This is a guest blog post
My team and I are developing lots of different HoloLens apps and games for many different use cases. I can’t share all the projects we are working on but this video and the screenshots below give you a glimpse of the things we have been working on.
We also recently released a little game for HoloLens called Tower Blocks. Tower Blocks was actually created by experimenting with two-handed interactions where we tried out new ways to transform holograms. We had so much fun playing it that we released it for free in the Microsoft Store.
I also shared what I've learned in recent talks presented and recorded at Unity’s Unite Europe event and Microsoft’s //build conference as well as a few blog posts like Getting Started with HoloLens Development and Top 10 HoloLens Development Recommendations.
A good portion of the talks and posts covered best practices and other things I learned while working on a project called HoloFlight which is a near real-time flight data visualization for HoloLens using real-world topographic and flight data showing the data in 3D as holograms instead of flat 2D plots.
At IdentityMine, we had access to some HoloLens devices but not all of our team had access to them, therefore most of HoloFlight was actually developed using the HoloLens emulator and the special Unity build for HoloLens, which everyone can download for free.
HoloLens is a Windows 10 device and the HoloLens emulator runs as a Hyper-V virtual machine. You can learn more about system requirements here. The human input like gestures and other sensors are simulated using the PC’s keyboard, mouse, or Xbox controller.
It is really easy to deploy a Unity game / app to the emulator. It just has to be built like a regular Unity app for HoloLens. Then from the Visual Studio output solution the right Platform and Target Device have to be selected from the dropdown:
The emulator can simulate positional changes (user walking), as well as rotational changes (user head rotating), gestures, hands and even voice commands.
The rotation can be simulated by pressing the left mouse button and moving the mouse. Positional changes can be simulated using the keyboard’s W, S, A, D and Page Up/Down keys.
The air-tap gesture can be simulated with a right mouse button click; if the Alt key is pressed while pressing the right mouse button, the tap+hold gesture for hand scrolling movement can be simulated. The built-in bloom gestures which brings up the Windows start menu is mapped to the keyboard Windows key.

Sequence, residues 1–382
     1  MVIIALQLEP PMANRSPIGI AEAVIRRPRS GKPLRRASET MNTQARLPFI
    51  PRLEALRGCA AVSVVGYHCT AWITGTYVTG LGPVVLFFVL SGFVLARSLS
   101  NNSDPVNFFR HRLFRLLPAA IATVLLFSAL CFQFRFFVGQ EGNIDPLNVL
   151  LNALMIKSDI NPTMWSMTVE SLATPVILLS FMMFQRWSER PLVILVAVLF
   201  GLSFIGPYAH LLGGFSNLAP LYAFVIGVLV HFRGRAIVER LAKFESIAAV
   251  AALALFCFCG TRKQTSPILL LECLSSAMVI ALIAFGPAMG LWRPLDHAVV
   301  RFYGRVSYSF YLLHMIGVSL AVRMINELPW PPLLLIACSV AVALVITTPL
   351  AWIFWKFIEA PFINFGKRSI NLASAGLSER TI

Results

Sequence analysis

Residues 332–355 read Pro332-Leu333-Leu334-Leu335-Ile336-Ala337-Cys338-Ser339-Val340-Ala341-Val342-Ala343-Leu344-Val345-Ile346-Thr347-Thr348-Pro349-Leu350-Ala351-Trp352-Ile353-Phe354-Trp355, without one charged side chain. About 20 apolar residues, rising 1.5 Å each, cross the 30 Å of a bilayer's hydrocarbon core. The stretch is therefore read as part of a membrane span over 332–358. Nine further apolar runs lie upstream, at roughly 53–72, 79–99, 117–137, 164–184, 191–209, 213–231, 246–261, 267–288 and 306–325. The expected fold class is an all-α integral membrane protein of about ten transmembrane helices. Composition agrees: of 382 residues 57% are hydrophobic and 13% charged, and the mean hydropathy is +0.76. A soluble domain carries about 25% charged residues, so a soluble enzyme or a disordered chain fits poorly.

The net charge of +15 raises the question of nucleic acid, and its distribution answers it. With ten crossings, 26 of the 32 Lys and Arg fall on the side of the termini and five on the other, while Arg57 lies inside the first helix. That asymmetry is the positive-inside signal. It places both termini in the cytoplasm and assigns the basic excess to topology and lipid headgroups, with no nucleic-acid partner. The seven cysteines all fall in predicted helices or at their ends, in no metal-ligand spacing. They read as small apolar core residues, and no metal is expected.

HoloLens is a Windows 10 device so it supports Microsoft’s voice-controlled assistant Cortana for speech recognition. This works well with the HoloLens emulator.
Hand and head rotation and much more emulation features can be controlled even further. A detailed list of all simulated emulator inputs can be found here.
Besides the fact that HoloLens is a fully untethered device, which can render holograms, another unique feature is that it constantly scans surroundings and performs a surface reconstruction providing a spatial map of the environment to your application. This feature alone is very impressive as you can see in this demo video when the virtual balls roll down in the real garden.
Of course the emulator also supports spatial mapping and, even better, it can actually load different environments / rooms to test.
These rooms can be extracted from a HoloLens device as .xef files, so you could use a HoloLens device, scan an environment, save it and then load into the emulator. For example the screenshot below shows a spatial mesh of a real-world staircase loaded into the emulator:
Which is similar to this when seen through the HoloLens device:
The HoloLens toolset provides you with everything you need to get started for HoloLens development, including an amazing emulator, which is close to the real device. All of these tools are free of charge! Of course nothing comes as close to the behavior of a real device and in the end it is needed for a professional app to tune performance and UX but the emulator can provide a very good starting point. We leveraged the emulator in a distributed team to speed up development and to not be constrained by device availability, which worked out very well for us.
By the way, if you are interested in working with VR, AR and real-world HoloLens development, IdentityMine and Valorem are always looking for talented developers, designers and artists.
About author: René Schulte is the Director of Immersive Experiences at IdentityMine / Valorem Consulting. He has experience with VR, AR, MR development and 3D programming for more than 10 years and has been developing for HoloLens since 2015.
He is a frequent speaker at conferences like //build, Unite, NDC and writer of blogs about many developer topics.
René Schulte also created and maintains a few popular Windows open source libraries like WriteableBitmapEx or the Augmented Reality library SLARToolKit. For all his community work, René Schulte was honored with the Microsoft MVP Award.